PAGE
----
Category Archives: Research
Children with cancer in the UK are to benefit nationally from a service which for the first time will allow doctors to personalise their treatment.
The therapeutic drug monitoring service, developed by Newcastle University experts, allows clinicians to obtain vital information about how much chemotherapy individual young patients should receive.
Youngsters diagnosed with cancer, including infants in the first weeks of life, can be particularly hard to treat as it is difficult to know how much chemotherapy to give.
Doctors sometimes have to make tough decisions about the most appropriate dose of a drug, without enough scientific information to help them decide on the best course of action.
Cancer continues to be one of the top causes of death in many countries, and Radiation therapy is one of the most common treatments used in the fight against cancer.
About 60% of cancer patients benefit from radiation, which is used either on its own or together with chemotherapy.
Radiation therapy works by puncturing the DNA inside cancer cells. This stops the cancer cells from growing and multiplying, eventually causing them to die.
Doctors can use radiation to destroy cancer tumours completely or to shrink them in preparation for surgery. This depends on the type of tumour, as some cancers are more sensitive to radiation therapy than others.
Dogs have a very sensitive sense of smell which humans have put to use by training them to sniff out explosives and narcotics.
This remarkable sense of smell can also be useful in the medical world, as dogs are able to sniff out and detect viruses, bacteria, and certain diseases, including cancer in a person’s skin, urine, and sweat.
Like many other diseases, cancers leave specific traces, or odour signatures, in a person’s body and bodily secretions. Cancer cells, or healthy cells affected by cancer, produce and release these odour signatures. Depending on the type of cancer, dogs are able to detect these signatures in a person’s skin, breath, urine,faeces, and sweat, and can, with training, alert people to their presence.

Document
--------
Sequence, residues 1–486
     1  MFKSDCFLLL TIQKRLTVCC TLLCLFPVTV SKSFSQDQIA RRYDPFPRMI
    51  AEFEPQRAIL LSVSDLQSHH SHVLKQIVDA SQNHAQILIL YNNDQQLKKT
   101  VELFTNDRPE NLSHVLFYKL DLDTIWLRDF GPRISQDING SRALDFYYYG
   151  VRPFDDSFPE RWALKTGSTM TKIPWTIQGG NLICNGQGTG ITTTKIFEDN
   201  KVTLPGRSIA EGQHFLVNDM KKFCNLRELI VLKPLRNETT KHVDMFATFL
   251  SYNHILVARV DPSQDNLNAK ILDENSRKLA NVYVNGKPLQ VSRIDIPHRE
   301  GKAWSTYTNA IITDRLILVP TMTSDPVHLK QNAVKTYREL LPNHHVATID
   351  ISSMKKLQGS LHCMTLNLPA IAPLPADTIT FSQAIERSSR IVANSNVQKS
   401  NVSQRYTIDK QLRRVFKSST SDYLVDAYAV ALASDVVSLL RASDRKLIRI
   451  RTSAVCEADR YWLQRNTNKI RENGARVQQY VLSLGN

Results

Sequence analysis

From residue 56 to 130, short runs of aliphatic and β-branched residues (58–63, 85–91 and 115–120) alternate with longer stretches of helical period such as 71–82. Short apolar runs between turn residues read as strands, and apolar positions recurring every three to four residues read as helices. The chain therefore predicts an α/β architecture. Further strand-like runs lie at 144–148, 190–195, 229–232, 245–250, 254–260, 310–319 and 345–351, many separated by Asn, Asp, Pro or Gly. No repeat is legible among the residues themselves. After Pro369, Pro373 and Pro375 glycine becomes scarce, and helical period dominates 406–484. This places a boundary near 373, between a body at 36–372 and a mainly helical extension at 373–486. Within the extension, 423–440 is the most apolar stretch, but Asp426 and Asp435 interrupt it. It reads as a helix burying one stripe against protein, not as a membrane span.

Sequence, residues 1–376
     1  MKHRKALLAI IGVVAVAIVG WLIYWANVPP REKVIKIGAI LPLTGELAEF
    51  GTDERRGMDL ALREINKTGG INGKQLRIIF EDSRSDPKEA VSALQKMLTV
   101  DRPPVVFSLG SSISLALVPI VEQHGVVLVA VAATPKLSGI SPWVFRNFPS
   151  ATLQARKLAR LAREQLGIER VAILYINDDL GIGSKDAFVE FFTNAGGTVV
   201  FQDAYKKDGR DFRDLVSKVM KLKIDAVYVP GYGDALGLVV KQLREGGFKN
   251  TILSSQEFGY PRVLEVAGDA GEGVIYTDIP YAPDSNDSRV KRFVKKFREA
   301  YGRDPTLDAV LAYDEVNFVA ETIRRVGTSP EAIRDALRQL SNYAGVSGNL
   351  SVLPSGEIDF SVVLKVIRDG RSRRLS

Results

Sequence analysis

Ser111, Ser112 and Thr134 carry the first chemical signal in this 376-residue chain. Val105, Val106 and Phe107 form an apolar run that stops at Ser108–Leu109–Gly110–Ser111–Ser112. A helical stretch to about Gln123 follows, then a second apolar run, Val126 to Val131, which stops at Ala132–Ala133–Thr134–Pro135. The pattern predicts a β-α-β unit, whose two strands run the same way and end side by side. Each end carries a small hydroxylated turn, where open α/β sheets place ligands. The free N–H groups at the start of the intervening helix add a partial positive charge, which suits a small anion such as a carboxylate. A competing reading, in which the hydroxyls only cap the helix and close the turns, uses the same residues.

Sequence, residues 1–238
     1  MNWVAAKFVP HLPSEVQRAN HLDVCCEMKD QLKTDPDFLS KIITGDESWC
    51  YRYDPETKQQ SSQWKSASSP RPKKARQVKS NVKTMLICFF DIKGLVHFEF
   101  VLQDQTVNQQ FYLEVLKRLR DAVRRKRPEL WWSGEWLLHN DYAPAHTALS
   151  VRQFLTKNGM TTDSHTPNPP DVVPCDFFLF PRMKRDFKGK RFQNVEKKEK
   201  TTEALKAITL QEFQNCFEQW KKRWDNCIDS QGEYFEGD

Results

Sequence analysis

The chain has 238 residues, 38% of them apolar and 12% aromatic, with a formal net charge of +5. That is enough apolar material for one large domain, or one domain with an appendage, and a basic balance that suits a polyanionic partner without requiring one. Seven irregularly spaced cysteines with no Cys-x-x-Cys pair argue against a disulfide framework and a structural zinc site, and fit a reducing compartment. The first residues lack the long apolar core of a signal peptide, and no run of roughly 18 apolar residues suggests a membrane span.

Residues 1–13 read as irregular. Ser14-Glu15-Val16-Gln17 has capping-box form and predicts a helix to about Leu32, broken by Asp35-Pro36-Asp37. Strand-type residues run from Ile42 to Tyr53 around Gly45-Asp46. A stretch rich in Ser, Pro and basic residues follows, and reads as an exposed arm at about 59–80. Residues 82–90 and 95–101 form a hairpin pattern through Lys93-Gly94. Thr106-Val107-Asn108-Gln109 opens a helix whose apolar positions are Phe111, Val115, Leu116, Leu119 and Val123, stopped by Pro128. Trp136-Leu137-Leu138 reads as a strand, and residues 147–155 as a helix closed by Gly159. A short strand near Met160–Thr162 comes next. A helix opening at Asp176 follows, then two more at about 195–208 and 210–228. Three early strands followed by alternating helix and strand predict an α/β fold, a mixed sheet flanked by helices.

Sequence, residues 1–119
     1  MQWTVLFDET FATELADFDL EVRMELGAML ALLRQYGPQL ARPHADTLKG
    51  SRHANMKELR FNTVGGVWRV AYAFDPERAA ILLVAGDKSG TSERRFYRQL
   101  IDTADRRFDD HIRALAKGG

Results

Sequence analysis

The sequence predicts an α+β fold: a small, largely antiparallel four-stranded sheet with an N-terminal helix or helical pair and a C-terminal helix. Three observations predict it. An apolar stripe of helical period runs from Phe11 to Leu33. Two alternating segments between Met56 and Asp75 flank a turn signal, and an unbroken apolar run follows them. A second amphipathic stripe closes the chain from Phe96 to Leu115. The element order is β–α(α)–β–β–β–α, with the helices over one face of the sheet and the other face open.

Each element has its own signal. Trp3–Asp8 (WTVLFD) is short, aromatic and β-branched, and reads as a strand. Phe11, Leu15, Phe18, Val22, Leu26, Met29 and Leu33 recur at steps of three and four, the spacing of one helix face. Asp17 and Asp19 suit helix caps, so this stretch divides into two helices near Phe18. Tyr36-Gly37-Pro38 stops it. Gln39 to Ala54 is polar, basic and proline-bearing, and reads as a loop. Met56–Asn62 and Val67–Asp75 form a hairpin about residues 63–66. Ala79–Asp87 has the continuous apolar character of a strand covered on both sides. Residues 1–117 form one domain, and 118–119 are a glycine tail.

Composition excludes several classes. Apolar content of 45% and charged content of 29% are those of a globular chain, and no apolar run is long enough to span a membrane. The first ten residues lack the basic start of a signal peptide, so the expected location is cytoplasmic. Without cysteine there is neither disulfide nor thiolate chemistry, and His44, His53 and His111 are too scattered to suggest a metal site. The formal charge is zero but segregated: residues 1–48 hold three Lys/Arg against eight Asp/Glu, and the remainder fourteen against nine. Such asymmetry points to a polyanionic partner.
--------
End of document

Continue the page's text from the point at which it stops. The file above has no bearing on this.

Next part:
These dogs that undergo training to detect certain diseases are referred to as medical detection dogs – they can detect some substances in very low concentrations, e.g. parts per trillion, which makes their noses sensitive enough to detect cancer markers in a person’s breath, urine, and blood.
The most common Childhood Cancers about which we normally hear include Acute Lymphoblastic Leukemia (ALL), Brain Tumours, Neuroblastoma, Wilms Tumour, and Lymphoma. These are also the most common Childhood Cancers in South Africa, but they are not the only cancers that children can get.
Compared with adult cancers, childhood cancers are rare and there are a number of very rare types which account for around 20-25% of all childhood cancers. Most behave like other children’s cancers, growing and spreading to other parts of the body.
Unfortunately, while there have been many improvements made in the field of paediatric oncology in the past decade or two, those have mainly been in the more common childhood cancers, and not much has been done for various very rare childhood cancers as they have been treated as “orphan diseases”.
Fortunately this situation has gradually seen change, and various projects dedicated to these rare diseases have been developed in several countries.